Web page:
Now that Father’s Day has passed, can we be honest with each other? Not all dads, truth be told, are Good Dads. Not all dads are tweetable, or postable. Some are even Bad Dads. For Lit Hub, Andrew Thurman writes about a literary genre he’s particularly invested in: the Bad Dad Memoir, typically written by the offspring of said Bad Dads. Thurman writes, “We’ll never have the satisfaction of seeing Isaac turn his family skills of ingenuity, invention, and creativity back on Abraham, but seeing a Bad Dad author bring a book to fruition is, in part, to watch an incompetent underdog come to exert some mastery over their situation; the idiot child becomes an intelligent adult capable of telling their own story. It’s not exactly triumphant, but it’s something.” We’ll take it.
The new book by Alain de Botton, How to Think More About Sex, addresses exactly what you’d think it would based on a glance at its title. According to de Botton, the word “sexy,” at base, refers to people or things which mimic our deeply-held values. At Brain Pickings, you can read more excerpts.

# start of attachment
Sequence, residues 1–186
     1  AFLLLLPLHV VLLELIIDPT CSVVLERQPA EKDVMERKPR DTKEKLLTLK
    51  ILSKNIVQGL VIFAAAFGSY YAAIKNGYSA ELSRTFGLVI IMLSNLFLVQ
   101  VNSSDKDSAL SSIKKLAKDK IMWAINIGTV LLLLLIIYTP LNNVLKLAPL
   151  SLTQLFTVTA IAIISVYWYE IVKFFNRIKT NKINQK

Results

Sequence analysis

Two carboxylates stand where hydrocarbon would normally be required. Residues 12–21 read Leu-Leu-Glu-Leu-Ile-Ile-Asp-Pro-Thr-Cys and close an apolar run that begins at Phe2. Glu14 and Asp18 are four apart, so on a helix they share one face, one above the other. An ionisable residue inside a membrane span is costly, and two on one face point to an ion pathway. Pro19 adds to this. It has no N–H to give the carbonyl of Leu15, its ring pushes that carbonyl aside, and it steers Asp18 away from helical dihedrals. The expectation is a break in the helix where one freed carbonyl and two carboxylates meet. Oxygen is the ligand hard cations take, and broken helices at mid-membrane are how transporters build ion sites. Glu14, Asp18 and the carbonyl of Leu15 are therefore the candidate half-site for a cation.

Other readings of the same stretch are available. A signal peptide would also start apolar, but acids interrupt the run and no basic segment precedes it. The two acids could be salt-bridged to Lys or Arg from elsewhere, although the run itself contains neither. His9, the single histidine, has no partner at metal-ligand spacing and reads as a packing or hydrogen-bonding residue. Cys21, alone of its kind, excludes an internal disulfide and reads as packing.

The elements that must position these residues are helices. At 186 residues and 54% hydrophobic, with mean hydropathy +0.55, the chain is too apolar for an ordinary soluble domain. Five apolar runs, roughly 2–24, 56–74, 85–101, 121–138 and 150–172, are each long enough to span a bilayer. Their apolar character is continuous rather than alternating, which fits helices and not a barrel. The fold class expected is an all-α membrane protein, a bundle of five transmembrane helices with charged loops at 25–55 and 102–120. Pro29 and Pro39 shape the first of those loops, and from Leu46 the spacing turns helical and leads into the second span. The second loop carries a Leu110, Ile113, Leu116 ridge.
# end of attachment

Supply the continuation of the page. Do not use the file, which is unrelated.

“The Dares. We’d been at them all summer: making each other do stuff, alone or together, just for the fun of it. Girls like us, with high GPAs and not a single boy looking our way, needed a little danger to get us through the summer.” Our own Edan Lepucki has a short story, “Ambulance of Boys,” on Storychord.com.
“Every writer needs an editor, and anyone who says he doesn’t has a fool for a muse.” The New York Times interviews journalists on the importance of editors, and it’s well worth the short read. Pair with our own Edan Lepucki‘s conversation with her editor.
“When I have an idea that will later, sadly, become a story or a poem, I have a sensation of receiving something. But I do not know if that “something” is given to me by something or someone or if it bursts out on its own.” An excerpt from Borges‘s conversations with the Argentinian poet and essayist Osvaldo Ferrari on writing, memory, and God is now available on The New York Review of Books blog.